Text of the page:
Coronavirus – Enforcement rights against property

Update 02.07.2020

  • Practice Direction 51Z was introduced on 27 March 2020 and bought into action several new rules effecting property possession and enforcement proceedings.
  • Practice Direction 51Z granted a stay of all proceedings for possession brought under CPR Part 55 and all proceedings seeking to enforce an order for possession by a warrant or writ of possession until 25 June 2020.
  • These rules were updated again on 25 June 2020 by the addition of CPR 55.29. The new provision will have the effect of extending the stay from 25 June 2020 until 23 August 2020.
  • CPR 55.29 will apply to proceedings that were stayed immediately prior to 25 June 2020 or that are brought between 25 June 2020 and 22 August 2020.
  • CPR 55.29 will not apply to the following claims
    • claims against trespassers to which CPR 55.6 applies;
    • proceedings under the interim possession order procedure;
    • an application for case management directions that are agreed by all parties; and
    • a claim for injunctive relief.

The Coronavirus Act 2020 ("the Act") has now received Royal Assent, and is in force. This brings into action several key points that affect both commercial and residential property.

Commercial Property

Prohibition on forfeiture

The Act prohibits landlords from forfeiting commercial leases for non-payment of rent (by peaceable re-entry or court proceedings) from now, until 30 June 2020.  It does not extend to forfeiture for other grounds.  The Act reserves parliament the right to extend that date in the future and only time will tell if that additional time is needed.  

These restrictions cover both business tenancies under Part II of the Landlord and Tenant Act 1954 (regardless of whether they have been excluded from sections 24 to 28) and more widely other interests which at this time we are interpreting to include sub-tenants, tenants at will and licensees.

This lifeline will help many commercial tenants with their sudden loss of cash flow, so that they can temporarily pause paying rent without the risk of forfeiture between now and 30 June 2020. There is no obligation placed on a tenant who takes this decision to show that their decision was caused by the Covid-19 pandemic.  However tenants must remember that their arrears are not written off by the legislation and they will need to come to an arrangement with their landlords to repay those sums when the protective period is over.  And, if a mutually acceptable arrangement cannot be found forfeiture may be the landlord's preferred option at some point in the future.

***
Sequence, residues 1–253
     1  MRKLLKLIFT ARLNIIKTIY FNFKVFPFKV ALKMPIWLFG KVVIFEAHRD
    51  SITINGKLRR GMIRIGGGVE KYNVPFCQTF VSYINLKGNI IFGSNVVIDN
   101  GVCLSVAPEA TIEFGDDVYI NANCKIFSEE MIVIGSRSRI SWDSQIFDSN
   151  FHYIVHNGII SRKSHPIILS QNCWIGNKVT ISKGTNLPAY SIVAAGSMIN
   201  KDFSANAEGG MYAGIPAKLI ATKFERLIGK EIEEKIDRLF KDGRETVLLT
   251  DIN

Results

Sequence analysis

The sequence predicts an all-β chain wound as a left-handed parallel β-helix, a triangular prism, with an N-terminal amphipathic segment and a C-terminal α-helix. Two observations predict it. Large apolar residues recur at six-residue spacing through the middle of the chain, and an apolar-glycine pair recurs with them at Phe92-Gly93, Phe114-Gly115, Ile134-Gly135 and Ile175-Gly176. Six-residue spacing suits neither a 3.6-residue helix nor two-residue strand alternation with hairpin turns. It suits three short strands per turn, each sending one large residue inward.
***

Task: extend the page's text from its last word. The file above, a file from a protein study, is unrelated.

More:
No Waiver

The Act encourages communication between the parties, and protects Landlords so that they can engage with their tenants without being deemed to have waived the right to forfeit.  A landlord or agent electing to do so should ensure any agreement is reached prior to 30 June 2020, in order to avoid waiving the right to forfeit for sums that have become due.

Ongoing Proceedings

In cases where a landlord has already issued a claim for possession on the basis of non-payment of rent the Court cannot now grant an order which allows for possession prior to 30 June 2020.

If an order has already been made in the High Court giving the landlord possession at an earlier date then the tenant can apply to have this date extended to a date no earlier than 30 June 2020. In such circumstances "the High Court must ensure that the tenant does not have to give possession of the property to the landlord before the end of the relevant period (30 June 2020)".

If an order has already been made in the County Court giving the landlord possession at an earlier date then the date mentioned shall now be treated as if it stated 30 June 2020.

Future Opposed Renewals

If a commercial landlord wishes to oppose a renewal of a business lease in the future then they will not be able to rely on any failure to pay rent during this period as grounds for doing so.

Residential Property

Under the Act, from today until 30 September 2020 (unless changed) all notice periods are extended to three months. This applies to both Section 8 Notices and Section 21 Notices. The longer notice periods do not apply to existing claims which have already been issued.

Prior to commencement of the Act, there had been speculation in the press that new possession claims based on rent arrears would be stayed altogether. Whilst this has not happened, and whilst trespasser claims remain unaffected by the new legislation, we anticipate that the Act and the general climate will influence the Court's behaviour in relation to such proceedings. In practice, judges may be cautious about making orders which could have an impact on public health. Where there are vulnerable individuals or minors occupying a property, it will be even more difficult for receivers to achieve an order for vacant possession. Further, where receivers do manage to obtain a possession order pursuant to Section 21, we expect judges to exercise their discretionary power, to extend the order for up to six weeks, much more often.

In addition, there is the ongoing practical impact of social distancing on possession hearings. The challenges posed by social distancing are heightened for possession hearings due to the practice of bulk listing such claims, often at 10 am. Prior to the Act passing, courts had already begun vacating possession hearings and re-listing these for dates in June. We anticipate the courts will continue to re-list hearings and that there will be inevitable delays in obtaining orders.